A super typhoon packing winds of up to 150 miles per hour is heading toward the Philippines, picking up speed over the Pacific on a route that also has Taiwan and the heavily populated southeastern coast of China in its sights.
Super Typhoon Mangkhut is on track to hit the northern Philippines with its strongest winds on Friday before striking Taiwan and then possibly veering south toward Hong Kong and mainland China.
As many as 43 million people could be exposed to cyclone-strength winds, according to the Global Disaster Alert and Coordination System. Its winds are expected to intensify Thursday and Friday — reaching speeds as high as 161 m.p.h. — before weakening Saturday, the Hong Kong Observatory said.
It added that the typhoon “will pose considerable threat to the coast of Guangdong,” a coastal province in China with more than 100 million people.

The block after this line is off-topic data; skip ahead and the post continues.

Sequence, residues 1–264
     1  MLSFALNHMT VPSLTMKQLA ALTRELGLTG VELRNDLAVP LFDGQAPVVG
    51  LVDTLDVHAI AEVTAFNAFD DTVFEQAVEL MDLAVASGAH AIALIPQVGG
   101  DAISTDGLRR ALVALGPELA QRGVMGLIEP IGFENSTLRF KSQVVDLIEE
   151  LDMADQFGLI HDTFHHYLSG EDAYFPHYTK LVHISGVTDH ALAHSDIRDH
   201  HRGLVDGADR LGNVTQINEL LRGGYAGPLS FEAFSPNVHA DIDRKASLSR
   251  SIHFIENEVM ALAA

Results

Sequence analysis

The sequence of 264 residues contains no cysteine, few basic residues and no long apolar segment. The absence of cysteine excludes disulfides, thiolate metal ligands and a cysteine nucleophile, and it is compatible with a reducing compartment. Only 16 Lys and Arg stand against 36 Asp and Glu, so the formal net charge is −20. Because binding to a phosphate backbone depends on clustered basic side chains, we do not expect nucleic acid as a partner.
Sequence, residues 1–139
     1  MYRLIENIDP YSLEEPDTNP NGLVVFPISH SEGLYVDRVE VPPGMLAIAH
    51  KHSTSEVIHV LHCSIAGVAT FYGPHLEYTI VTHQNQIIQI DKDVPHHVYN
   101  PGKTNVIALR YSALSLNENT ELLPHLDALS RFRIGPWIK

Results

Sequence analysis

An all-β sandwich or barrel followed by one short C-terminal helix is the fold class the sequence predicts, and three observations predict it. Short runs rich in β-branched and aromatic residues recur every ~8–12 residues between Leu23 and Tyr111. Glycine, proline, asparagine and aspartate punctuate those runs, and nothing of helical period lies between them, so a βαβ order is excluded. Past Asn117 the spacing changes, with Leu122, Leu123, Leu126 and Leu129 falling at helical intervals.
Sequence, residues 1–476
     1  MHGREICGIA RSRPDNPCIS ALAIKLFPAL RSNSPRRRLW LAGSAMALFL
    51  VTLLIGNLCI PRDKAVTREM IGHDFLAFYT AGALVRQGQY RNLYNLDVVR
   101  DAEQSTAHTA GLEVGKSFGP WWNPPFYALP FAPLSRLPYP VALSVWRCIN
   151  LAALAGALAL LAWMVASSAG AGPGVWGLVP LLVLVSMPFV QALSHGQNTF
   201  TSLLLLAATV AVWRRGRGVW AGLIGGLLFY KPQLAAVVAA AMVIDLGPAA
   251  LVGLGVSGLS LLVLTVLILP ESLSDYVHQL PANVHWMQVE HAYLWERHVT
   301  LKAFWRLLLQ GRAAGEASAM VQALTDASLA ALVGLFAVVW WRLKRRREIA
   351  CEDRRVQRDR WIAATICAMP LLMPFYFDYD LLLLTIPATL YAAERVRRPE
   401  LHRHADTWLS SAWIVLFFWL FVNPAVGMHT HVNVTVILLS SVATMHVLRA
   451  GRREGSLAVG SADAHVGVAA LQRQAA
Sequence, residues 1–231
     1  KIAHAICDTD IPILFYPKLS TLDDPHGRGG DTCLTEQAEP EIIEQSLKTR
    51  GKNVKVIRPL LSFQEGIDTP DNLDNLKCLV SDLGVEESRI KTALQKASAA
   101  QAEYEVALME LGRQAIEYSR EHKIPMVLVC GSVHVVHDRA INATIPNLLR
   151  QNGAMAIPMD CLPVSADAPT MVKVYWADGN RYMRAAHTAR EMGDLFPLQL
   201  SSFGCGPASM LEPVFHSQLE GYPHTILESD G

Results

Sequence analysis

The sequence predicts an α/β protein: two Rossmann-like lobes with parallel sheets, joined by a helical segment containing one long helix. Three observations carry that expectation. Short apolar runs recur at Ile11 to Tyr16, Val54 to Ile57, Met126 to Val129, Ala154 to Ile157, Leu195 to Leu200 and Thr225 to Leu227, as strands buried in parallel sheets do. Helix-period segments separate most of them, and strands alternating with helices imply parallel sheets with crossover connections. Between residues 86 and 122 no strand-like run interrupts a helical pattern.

A super typhoon is characterized as a storm with sustained wind speeds of more than 150 m.p.h.
The current track has the typhoon likely to brush northern Luzon, a less populated part of the largest island in the Philippines, which is home to the capital, Manila. In 2013, the Philippines was battered by Super Typhoon Haiyan, which killed more than 6,000 people and displaced hundreds of thousands.
Mangkhut has already torn through the Marshall Islands and Guam, American territories in the Pacific. In Guam, 80 percent of the island lost power and there was widespread flooding, with Marines and sailors deployed to distribute emergency relief supplies.
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SOURCE: New York Times, Gerry Mullany and Felipe Villamor